Some big ideas are objectively terrible, yet are followed through on, resulting in a predictably terrible product. Kangaroo Jack comes to mind , as does the Bollywood production of Fight Club, in which some budding entrepreneurs start a for-profit fight club (market research and all). Here are some other terrible ideas from the startup world.
The interesting thing about these terrible ideas is that there were presumably several people who could have just said “no”. Political scientists call these people veto players. There are the financiers, the production houses, the directors, producers and so on. It’s an interesting dynamic that has veto players allow so many people to pour so much human effort into these thought farts.
I’m not sure why these ideas end up going ahead. It could be some combination of:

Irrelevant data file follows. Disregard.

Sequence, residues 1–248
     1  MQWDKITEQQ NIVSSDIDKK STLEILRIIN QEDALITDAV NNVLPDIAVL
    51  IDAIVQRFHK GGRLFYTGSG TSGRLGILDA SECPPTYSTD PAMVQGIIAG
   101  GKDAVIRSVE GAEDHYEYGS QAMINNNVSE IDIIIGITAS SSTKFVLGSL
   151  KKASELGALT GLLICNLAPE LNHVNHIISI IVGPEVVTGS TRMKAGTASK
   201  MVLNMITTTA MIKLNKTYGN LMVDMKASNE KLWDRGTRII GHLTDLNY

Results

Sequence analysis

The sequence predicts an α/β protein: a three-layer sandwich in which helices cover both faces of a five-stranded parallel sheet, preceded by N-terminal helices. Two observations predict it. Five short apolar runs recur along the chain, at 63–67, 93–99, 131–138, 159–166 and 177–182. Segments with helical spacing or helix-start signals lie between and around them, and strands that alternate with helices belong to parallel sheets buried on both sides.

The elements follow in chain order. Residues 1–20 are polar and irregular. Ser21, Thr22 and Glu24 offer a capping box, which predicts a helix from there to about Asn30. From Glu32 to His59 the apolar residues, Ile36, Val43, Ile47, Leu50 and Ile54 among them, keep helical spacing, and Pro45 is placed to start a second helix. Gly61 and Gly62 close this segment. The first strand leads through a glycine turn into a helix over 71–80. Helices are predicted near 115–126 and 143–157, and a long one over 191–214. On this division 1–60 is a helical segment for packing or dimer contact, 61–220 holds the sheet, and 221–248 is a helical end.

– Hindsight bias. Maybe Kangaroo Jack, Fight Club the musical etc. weren’t obviously terrible ideas at the outset?
– In some communities—think Hollywood and Silicon Valley—maybe everyone owes everyone, so people work on each other’s projects in order to curry favour.
– A lot of people do say no, yet the persistence of the bad idea’s champions ends up finding the dumb money or weak/stupid veto players.
– Both film production firms and VCs just play the numbers game, aware that many apparently dumb ideas end up paying off. Indeed, the Kangaroo Jack effect may be a feature of investment markets in which most investments make nothing, and a few make a huge amount.
I’d be interested to hear of your explanations/examples.
 Kangaroo Jack, despite being a terrible film, did turn a small profit, but “Bollywood version of Fight Club effect” doesn’t quite sound the same. The opportunity cost of funding Kangaroo Jack isn’t not making Kangaroo Jack; it’s not making The LEGO movie. I’m pretty sure the world is worse off due to Kangaroo Jack.